WHY ARTIST ANURADHA THAKUR USES BLACK IN HER PAINTINGS
Artist Anuradha Thakur‘s paintings of Indian tribal life are a burst of color and joy. Yet, she is known for the stark contrast between the vibrant color palette of her canvases and the deep black color of her subjects. Many clients are struck by the beauty of Anuradha’s work and always intrigued by the choice of black.
Although Anuradha has previously spoken about the symbolism of black in her paintings in a TEDx talk at BITS Hyderabad, I asked her if she would write more about how black originated in her works. In her own words below, she recalls working with a nonprofit for twenty years before becoming an artist, and how the color black captures the inner strength and positivity of tribals.
Why I Use Black in My Paintings of Tribal Life
by Anuradha Thakur
After graduating from art school, I met the director of an NGO located at Aurangabad. He showed keen interest in my sketches and invited me to draw some illustrations for the NGO’s publications, as well as conduct art and craft workshops for rural people. While conducting rangoli workshops with the NGOs, I came out with the results that rural adolescent girls built their self-confidence and improved society’s respect towards them. I continued to use art as a medium for development in rural communities during my two decades of work with the NGOs, and although I received an award from the State Educational Board, my true prize was seeing self-confidence grow among the children.
As I was moving from place to place conducting workshops, I got an opportunity to conduct a workshop for the children of the Gond community from Gadchiroli tribal area. There, I observed teenage boys and girls mingling freely and interacting with each other. I felt worried about their behavior, but someone informed me that parents need not worry if a boy and girl fall in love with each other. It is a striking truth that they never cheat. They may live together and have children without marriage — it is very common to see their children attend their marriages. Such a pure example of honesty and loyalty is rare in this world, it was shocking to me!
I was so inspired that I actually put a paintbrush to canvas after almost 22 years since my graduation. I wanted to depict the harmony of honesty, loyalty and rhythm of tribal life. While we worry about collecting material wealth, these villagers spend their time collecting moments of happiness. Even though they live in adverse conditions, they always celebrate the riches in their life.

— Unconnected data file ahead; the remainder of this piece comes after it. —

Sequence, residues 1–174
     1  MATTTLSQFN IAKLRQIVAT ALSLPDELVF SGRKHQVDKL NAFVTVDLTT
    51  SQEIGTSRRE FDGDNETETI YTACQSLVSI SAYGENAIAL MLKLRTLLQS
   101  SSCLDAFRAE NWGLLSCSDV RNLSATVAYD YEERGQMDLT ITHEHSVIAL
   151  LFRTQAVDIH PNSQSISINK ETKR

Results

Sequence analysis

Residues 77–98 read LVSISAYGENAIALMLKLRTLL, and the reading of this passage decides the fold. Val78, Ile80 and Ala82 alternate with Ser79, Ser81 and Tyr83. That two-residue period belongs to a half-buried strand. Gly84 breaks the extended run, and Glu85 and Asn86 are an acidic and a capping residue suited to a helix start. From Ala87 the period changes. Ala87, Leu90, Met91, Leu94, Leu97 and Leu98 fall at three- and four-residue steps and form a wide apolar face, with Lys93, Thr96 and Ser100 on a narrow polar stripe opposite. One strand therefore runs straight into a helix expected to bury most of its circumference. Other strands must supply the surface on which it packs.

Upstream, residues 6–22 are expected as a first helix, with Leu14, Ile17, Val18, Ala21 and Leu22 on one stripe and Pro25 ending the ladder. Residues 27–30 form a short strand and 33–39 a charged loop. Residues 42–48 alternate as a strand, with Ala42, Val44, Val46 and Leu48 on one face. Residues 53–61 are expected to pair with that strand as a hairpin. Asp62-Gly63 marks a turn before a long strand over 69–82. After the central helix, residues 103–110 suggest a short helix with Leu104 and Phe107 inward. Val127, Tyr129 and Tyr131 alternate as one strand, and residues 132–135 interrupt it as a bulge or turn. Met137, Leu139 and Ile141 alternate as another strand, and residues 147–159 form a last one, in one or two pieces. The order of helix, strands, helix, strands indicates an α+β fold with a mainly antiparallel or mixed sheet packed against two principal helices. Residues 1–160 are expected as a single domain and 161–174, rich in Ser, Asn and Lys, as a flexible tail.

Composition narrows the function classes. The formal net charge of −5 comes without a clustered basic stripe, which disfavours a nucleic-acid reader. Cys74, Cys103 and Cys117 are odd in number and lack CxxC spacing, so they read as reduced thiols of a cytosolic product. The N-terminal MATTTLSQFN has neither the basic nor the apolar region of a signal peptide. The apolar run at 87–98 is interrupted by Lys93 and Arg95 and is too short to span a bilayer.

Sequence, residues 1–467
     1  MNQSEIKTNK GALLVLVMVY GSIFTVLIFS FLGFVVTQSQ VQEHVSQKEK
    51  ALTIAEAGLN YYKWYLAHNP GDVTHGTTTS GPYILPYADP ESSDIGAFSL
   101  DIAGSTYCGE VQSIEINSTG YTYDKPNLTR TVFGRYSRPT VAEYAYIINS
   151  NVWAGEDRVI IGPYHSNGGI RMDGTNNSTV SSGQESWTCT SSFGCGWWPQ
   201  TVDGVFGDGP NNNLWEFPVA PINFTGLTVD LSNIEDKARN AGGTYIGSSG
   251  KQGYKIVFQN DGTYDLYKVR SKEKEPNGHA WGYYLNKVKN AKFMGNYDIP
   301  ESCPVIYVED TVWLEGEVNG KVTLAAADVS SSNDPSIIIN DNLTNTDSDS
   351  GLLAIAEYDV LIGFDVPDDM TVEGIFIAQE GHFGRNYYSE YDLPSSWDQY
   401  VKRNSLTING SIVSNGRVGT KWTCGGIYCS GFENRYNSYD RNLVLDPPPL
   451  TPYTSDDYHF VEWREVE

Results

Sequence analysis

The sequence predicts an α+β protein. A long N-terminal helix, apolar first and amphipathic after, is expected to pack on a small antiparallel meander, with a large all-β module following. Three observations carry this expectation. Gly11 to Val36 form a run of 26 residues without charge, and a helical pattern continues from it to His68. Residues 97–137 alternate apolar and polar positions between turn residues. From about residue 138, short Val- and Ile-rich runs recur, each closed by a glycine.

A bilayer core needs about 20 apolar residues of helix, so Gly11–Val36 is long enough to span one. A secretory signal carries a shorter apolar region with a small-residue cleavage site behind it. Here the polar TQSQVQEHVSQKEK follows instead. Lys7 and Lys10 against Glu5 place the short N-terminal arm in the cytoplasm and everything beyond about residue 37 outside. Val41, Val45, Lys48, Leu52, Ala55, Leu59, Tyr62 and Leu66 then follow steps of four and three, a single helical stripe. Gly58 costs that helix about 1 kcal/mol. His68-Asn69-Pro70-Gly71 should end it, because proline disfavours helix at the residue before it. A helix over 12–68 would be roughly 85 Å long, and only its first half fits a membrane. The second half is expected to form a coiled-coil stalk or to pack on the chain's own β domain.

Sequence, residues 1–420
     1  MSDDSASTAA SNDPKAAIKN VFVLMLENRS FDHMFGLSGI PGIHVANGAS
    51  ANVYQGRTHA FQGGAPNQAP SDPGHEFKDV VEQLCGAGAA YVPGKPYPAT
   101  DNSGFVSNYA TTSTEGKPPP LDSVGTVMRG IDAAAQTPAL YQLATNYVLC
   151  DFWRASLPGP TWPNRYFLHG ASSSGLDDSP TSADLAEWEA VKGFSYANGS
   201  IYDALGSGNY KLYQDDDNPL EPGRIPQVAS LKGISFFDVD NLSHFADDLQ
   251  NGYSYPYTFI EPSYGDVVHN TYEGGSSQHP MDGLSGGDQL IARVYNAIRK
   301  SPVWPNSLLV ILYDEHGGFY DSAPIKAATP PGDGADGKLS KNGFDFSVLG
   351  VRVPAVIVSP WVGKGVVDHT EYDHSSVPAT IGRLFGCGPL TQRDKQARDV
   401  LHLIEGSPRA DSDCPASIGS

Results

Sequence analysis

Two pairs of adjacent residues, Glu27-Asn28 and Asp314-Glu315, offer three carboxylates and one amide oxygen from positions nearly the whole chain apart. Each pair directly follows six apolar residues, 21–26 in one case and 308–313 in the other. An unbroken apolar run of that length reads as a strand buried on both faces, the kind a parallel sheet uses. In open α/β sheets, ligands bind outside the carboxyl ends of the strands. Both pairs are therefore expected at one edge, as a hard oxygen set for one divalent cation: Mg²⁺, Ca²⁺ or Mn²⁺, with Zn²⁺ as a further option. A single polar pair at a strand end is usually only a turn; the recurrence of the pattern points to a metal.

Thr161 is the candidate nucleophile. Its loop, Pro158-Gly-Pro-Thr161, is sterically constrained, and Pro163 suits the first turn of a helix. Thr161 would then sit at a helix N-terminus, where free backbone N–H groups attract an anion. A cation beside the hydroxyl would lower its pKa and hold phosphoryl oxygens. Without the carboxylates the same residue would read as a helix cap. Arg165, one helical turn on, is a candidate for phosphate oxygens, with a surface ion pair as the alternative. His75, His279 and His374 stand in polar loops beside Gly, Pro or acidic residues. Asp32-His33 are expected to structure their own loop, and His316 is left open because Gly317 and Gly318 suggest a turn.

I used the color black to highlight these aspects. Black is pure. Black is honest. Black is not an artificial bright. The characters in my paintings are black, but they are never sad. In fact, I always show my characters happy and celebrating their lives. My black is not harsh – it is a soft black.
Black is a very heavy color. With even a single incorrect stroke, an entire painting can be ruined. That is why one needs a very clear and transparent mind to work with black color. There should also be a sense of courage within the artist’s mind. Using black had always seemed to be a challenge for me, but once I connected with the transparency and clarity of these tribals, black came naturally and easily onto my canvas.
Witnessing tribal life flourishing amongst nature that day in Gadchiroli is imprinted in autumn’s harmony on my canvas. That experience enriched built in me an urge to unravel new communities, from the dry and cracked landscape of Kutch — where I saw the precise harmony within the contrast between the tribals’ colorful lives and the barren terrain — to the lush forests of Madhya Pradesh — where I learned that even in a dark hut, shades of culture could be seen. My travels to tribes across India have enriched me to the brim.
For instance, when I visited the festival of Bagoria, I saw a host of young people dressed in vibrant shades and ornamented unendingly. They were celebrating Holi while also choosing their life partners. I was so thrilled that my brush could bravely and freely unleash many shades uncompromisingly, capturing this scene. This uproar of colors marched in a rhythm representing the beauty of the tribes. Though many hues entered my canvas, black never lost its luster.
This coexistence of colors in my paintings further represents the soulful relationship between nature and the many tribes and cultures of our land. My experiences taught me that nature has a rhythm of its own. Nature is raw and wild, yet it is also honest and orderly. And these communities living in the midst of nature reflect a vibrant life which cannot be found in the concrete jungles of cities. They flow with this rhythm of nature, and I represent this on my canvas. Each land in which I opened my eyes, I found that there was no color misplaced, and I saw man and nature living in peace and amity, complementary to each other.
Ultimately, I have found great symphony in the tribal areas. This is not about their simple living; it is about their oneness with nature and each other. It is about living and letting others live. This essence is what makes my art alive, and my paintings are and will always be a tribute to these people I admire.